Updated: Feb 25
It’s early days for Human Nature, and lots of things are bubbling away in the background. So far, one of the most frequent questions I’ve been asked is “what does social enterprise mean?”. For me, starting a business was always going to be about something more than making money - the crucial value for me is to make a difference.
Most traditional businesses focus on maximising profits in order to reward shareholders. Social enterprises are different because they use their profits to deliver social or environmental value. This investment can be back into the business – which may deliver direct social or environmental value, or by donating resources (time, skills, material) or funds to charities. There are over 100,000 social enterprises in the UK – the Big Issue, Divine Chocolate and the Eden Project are a few you may have heard of. For more details on social enterprises look here www.socialenterprise.org.uk.
For me, I think of profit as two types of food. Food is sustenance, essential for growth and repair, so too is profit which helps a business be secure and grow its reach or diversify its activities. But food is also gluttony, and we can choose whether to eat a second serving of lunch, or we can give that extra serving to someone in need.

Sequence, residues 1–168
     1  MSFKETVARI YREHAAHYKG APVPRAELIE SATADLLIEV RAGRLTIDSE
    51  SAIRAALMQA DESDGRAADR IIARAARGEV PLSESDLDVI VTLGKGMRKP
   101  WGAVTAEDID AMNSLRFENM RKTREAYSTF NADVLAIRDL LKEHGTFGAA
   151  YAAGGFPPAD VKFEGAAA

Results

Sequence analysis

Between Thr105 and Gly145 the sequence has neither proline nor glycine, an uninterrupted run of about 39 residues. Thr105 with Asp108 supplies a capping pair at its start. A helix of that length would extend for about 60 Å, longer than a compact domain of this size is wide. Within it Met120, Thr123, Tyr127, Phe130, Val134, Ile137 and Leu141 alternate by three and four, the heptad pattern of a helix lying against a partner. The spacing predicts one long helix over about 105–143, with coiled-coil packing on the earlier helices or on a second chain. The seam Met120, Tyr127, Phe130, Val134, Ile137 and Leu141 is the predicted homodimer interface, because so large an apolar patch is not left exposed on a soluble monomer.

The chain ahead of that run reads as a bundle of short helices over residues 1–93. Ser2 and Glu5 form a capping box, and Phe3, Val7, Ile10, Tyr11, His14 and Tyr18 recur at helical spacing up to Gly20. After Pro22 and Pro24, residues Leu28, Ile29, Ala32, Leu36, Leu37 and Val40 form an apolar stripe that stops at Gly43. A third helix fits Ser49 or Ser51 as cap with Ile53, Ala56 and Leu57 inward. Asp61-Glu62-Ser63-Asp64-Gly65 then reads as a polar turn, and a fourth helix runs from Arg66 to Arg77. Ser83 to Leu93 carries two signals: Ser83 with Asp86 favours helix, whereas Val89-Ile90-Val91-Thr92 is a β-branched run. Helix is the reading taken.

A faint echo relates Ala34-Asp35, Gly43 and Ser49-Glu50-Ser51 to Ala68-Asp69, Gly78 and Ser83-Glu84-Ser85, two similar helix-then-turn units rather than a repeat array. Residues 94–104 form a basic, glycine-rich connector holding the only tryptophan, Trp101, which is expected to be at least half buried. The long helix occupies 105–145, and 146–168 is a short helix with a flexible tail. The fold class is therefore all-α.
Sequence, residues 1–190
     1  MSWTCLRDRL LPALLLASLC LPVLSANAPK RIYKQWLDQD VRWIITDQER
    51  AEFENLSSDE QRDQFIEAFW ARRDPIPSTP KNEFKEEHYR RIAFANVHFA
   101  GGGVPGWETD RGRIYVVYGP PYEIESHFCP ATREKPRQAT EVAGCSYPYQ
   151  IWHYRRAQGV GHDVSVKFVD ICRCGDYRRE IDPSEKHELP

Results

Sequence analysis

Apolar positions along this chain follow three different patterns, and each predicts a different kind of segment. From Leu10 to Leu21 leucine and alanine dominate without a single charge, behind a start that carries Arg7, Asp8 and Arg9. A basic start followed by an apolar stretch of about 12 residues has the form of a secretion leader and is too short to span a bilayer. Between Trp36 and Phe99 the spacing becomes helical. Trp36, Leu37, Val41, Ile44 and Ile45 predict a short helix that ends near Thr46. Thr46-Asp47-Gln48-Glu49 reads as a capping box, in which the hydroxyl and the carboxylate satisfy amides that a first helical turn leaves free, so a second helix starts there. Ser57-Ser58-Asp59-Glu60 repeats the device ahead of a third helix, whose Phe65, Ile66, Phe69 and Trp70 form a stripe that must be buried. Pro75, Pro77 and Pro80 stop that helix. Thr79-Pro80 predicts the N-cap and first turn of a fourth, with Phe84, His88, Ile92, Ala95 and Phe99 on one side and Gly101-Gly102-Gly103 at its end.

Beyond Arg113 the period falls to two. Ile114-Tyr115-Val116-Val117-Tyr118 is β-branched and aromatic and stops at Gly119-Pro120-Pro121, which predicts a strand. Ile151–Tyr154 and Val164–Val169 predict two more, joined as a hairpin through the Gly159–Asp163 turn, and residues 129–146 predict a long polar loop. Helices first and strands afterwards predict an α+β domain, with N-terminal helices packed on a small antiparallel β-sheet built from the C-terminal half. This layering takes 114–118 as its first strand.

The values of social enterprise are baked into the core of Human Nature: all our activities focus on delivering impact which benefits people and nature. By training individuals and organisations to diversify their skills into social sciences we will enable others to have greater environmental and social benefits through their work. Our research and collaboration work delivers social science research to places where it can have impact in response to the ecological and climate crises. Currently in development are our initiatives to support those motivated to act for the planet, by enabling them to reduce their ecological footprints.
We’re also developing our plans to donate through formal channels, through identifying causes and other organisations who deliver environmental and social impacts. This is an evolving part of Human Nature as we establish our activities and reflect on how best to meet our social enterprise aims, and we’ll post updates in future blogs.
We hope readers will join us on this journey, and we’d love to hear your experiences of working with social enterprises.